American Elephants


The Danger of the “Black Lives Matter” Movement. by The Elephant's Child

da3-905x604
From City Journal “No Equivalence” by Bob McManus, July 8 2016.

Much remains to be learned about the why and the how of Thursday night’s massacre in Dallas, but there is scant mystery about the what: at least 11 police officers were calmly marked for execution for no other reason than that they were cops. When the firing was over, five lay dead and the remainder wounded—some gravely.

To the untrained eye, the attack appears to have been well-planned and carried out with precision. In this respect, it was fundamentally different than the events that brought hundreds of demonstrators to downtown Dallas Thursday—the police-custody deaths of black men in Baton Rouge, Louisiana, and St. Paul, Minnesota, in a welter of chaos, confusion, and conflicting claims of guilt, innocence, and intent.

Baton Rouge and St. Paul, like so many of the similarly tragic police-custody deaths that preceded them, may have been the product of circumstance, or of incompetence, or maybe they were even crimes. Each must be examined in context and judged accordingly. But Dallas was cold-blooded murder—nothing more, nothing less. Attempts to assign equivalence to the horror of it—to suggest, as some are doing on social media, that Dallas is somehow just deserts for Baton Rouge or St. Paul or Baltimore or Ferguson, or even for Eric Garner’s death on Staten Island two long years ago—is morally repugnant.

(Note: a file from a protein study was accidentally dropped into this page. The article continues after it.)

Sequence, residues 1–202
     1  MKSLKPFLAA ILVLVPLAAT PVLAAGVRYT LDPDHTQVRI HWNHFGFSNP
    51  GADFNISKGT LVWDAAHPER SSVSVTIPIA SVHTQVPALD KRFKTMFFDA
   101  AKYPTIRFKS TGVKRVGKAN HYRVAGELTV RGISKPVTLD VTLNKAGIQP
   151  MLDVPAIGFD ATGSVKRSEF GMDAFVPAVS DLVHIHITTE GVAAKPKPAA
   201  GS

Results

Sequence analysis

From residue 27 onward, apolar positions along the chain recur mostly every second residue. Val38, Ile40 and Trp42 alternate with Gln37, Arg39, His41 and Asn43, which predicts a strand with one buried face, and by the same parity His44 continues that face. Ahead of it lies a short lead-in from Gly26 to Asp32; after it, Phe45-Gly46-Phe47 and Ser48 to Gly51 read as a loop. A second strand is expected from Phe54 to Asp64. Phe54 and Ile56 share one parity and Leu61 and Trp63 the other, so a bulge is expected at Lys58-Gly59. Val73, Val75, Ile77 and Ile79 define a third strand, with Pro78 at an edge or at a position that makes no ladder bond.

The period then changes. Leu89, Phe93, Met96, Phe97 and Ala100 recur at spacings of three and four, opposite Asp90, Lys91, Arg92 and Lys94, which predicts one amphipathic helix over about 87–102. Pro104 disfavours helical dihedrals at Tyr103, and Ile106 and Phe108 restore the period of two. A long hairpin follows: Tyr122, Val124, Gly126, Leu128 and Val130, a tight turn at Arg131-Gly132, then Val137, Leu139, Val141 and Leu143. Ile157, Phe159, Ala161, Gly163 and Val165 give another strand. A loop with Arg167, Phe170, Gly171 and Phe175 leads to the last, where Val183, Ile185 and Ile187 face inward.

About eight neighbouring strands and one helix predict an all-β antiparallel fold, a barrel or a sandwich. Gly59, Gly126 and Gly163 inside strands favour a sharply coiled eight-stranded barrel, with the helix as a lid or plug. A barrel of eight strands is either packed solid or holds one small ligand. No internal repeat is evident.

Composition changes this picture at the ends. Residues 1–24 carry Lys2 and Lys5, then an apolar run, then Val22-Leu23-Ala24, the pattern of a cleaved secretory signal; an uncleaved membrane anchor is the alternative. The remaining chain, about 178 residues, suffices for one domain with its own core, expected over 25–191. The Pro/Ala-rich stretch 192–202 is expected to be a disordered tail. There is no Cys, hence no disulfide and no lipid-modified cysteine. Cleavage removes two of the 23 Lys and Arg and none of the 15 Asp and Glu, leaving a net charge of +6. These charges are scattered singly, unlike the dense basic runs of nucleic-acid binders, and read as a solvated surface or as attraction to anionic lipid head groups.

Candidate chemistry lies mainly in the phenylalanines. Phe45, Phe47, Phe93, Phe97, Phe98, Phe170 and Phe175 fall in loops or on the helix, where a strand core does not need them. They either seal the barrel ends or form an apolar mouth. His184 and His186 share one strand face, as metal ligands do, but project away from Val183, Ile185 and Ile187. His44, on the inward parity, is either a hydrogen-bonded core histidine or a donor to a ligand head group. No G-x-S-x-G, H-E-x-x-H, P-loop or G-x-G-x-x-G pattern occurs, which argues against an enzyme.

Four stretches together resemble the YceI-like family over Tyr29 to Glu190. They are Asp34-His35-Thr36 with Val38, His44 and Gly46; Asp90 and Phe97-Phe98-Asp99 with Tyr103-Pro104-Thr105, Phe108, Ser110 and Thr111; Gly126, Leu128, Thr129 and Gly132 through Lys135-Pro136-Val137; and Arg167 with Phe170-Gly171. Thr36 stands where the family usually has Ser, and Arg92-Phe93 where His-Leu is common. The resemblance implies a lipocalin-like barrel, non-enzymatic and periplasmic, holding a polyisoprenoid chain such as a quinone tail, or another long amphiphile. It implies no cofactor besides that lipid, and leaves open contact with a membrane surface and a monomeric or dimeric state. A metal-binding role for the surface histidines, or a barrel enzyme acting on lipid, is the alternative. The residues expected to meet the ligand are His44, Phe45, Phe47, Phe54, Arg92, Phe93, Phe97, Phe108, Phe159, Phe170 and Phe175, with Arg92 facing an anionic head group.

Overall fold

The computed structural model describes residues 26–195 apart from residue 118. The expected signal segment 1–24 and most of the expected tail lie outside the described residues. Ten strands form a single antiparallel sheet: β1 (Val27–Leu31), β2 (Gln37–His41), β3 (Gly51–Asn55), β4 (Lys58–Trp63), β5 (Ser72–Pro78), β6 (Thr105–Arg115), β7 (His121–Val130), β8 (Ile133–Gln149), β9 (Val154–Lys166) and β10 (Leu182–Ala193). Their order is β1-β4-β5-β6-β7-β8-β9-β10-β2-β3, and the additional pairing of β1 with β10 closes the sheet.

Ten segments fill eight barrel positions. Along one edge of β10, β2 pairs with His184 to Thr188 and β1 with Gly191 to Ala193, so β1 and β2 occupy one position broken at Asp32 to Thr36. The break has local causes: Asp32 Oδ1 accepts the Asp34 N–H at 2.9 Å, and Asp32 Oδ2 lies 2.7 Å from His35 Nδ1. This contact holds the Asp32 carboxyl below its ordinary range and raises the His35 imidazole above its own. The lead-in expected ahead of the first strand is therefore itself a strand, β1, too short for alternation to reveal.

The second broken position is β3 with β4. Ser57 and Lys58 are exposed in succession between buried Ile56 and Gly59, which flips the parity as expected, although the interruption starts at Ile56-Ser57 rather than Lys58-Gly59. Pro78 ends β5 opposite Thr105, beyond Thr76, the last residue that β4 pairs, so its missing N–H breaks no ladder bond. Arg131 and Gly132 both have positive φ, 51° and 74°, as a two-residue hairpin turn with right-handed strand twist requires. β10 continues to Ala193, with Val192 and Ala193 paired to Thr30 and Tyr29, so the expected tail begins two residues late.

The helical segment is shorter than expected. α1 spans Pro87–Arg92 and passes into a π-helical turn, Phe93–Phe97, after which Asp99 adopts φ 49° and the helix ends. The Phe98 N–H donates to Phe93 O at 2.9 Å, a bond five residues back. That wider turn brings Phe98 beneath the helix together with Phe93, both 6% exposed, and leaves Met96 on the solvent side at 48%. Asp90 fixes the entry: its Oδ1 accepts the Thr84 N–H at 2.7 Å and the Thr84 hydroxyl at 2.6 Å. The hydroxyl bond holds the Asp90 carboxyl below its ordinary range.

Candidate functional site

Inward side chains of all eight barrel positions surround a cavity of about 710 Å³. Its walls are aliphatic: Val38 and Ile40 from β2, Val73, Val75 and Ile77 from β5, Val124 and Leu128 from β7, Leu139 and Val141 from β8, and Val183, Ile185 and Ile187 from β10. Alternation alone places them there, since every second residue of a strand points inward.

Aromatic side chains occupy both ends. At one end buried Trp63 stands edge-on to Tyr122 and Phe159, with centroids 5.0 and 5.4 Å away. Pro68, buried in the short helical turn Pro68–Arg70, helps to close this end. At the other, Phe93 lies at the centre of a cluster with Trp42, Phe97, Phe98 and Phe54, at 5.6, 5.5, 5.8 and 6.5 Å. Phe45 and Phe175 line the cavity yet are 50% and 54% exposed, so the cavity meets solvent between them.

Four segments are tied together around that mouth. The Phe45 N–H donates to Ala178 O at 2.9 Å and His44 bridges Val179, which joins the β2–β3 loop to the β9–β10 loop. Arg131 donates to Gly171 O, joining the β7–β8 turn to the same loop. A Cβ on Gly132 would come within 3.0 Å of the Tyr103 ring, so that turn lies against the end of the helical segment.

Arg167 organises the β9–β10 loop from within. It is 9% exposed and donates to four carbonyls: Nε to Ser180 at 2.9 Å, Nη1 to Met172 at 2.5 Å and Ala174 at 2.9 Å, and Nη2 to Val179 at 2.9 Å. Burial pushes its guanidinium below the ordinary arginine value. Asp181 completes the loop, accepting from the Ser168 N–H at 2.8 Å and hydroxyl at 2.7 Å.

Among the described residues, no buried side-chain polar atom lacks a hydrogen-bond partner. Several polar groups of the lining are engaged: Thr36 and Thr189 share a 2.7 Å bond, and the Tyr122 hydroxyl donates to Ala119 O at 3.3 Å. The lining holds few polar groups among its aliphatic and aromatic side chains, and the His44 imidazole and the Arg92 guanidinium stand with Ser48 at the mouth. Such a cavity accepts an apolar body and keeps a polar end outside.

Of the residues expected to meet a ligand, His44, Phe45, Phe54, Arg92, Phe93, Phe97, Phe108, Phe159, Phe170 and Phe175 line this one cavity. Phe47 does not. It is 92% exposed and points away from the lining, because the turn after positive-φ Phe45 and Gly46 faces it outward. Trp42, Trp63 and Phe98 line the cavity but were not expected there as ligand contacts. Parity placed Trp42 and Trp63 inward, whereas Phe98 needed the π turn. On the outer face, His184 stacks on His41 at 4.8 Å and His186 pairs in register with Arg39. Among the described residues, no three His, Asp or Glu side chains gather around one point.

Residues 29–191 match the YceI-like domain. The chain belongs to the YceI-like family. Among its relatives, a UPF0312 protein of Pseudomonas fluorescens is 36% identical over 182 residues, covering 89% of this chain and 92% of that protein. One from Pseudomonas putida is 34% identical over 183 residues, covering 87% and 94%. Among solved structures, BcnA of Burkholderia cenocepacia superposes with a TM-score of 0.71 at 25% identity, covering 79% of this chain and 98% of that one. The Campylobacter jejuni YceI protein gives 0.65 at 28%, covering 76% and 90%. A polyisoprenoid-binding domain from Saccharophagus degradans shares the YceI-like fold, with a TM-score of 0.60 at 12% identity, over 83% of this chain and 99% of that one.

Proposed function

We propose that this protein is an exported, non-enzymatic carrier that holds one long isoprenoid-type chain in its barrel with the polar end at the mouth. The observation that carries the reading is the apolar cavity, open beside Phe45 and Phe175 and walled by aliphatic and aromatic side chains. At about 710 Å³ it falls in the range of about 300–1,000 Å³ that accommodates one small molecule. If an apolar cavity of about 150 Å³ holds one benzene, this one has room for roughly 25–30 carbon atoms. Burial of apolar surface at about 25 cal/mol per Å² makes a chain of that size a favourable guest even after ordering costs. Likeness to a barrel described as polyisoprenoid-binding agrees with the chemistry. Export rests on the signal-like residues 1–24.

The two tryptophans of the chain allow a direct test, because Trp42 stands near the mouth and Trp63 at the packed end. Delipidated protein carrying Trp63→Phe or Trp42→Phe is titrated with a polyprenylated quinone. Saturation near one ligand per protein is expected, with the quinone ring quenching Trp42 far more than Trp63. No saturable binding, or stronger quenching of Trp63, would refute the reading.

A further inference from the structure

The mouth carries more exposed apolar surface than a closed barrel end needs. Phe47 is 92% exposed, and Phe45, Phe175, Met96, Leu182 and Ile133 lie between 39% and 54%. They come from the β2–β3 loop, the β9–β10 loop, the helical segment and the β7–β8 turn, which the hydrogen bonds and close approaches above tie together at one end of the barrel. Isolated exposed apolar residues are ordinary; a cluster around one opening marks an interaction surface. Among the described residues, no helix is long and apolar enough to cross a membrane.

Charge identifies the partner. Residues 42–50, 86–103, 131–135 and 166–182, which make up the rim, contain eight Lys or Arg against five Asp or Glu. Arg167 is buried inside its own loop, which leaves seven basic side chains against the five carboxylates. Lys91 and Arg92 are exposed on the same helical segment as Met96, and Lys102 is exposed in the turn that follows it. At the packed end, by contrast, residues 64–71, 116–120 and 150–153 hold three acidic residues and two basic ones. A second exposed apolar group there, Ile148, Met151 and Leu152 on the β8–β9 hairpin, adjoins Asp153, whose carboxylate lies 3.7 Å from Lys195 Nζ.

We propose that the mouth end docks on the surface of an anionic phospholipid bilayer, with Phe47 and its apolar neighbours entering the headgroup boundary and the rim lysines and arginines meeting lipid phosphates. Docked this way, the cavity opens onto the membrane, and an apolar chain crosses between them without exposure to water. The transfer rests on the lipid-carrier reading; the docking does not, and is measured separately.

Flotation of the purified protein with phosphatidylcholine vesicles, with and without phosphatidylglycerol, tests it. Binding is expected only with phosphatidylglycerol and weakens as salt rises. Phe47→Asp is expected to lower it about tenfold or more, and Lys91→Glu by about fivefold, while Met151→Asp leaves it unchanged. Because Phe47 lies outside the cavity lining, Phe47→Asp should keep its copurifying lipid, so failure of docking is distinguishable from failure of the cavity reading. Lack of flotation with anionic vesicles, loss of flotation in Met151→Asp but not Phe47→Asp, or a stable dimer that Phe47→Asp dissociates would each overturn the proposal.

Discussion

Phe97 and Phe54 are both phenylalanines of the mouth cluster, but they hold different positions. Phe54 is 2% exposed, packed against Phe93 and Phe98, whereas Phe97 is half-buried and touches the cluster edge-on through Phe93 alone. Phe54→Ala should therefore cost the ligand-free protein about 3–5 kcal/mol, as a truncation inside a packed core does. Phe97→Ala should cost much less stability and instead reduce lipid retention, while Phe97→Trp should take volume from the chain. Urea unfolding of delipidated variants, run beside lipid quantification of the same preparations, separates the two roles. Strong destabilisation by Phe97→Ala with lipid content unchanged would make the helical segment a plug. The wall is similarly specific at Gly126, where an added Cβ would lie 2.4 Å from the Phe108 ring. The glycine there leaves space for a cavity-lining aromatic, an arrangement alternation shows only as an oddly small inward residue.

Nor can this be blamed on guns. Guns are inanimate objects and don’t go around shooting people. It is the shooter who is the problem, not the gun. So far in 2016, 34 police officers have been murdered in the line of duty, according to the Officer Down Memorial Page, most by gunfire and others by vehicular assault. Many more have been wounded.

When officers are killed in the line of duty, other officers on patrol become more cautious. It’s only natural, they have families and want to go home at night.

For the media, America is in the grip of an orgy of crime, and wanton murder. These wanton murderers are wearing blue uniforms and police badges. It makes for exciting bylines and good copy. But it’s not true.

White policemen shooting unarmed black men accounted for less than 4 percent of fatal police shooting. In three quarters of  shooting incidents, cops were either under attack themselves or defending civilians, as the policemen in Dallas were doing — trying to protect civilian demonstrators.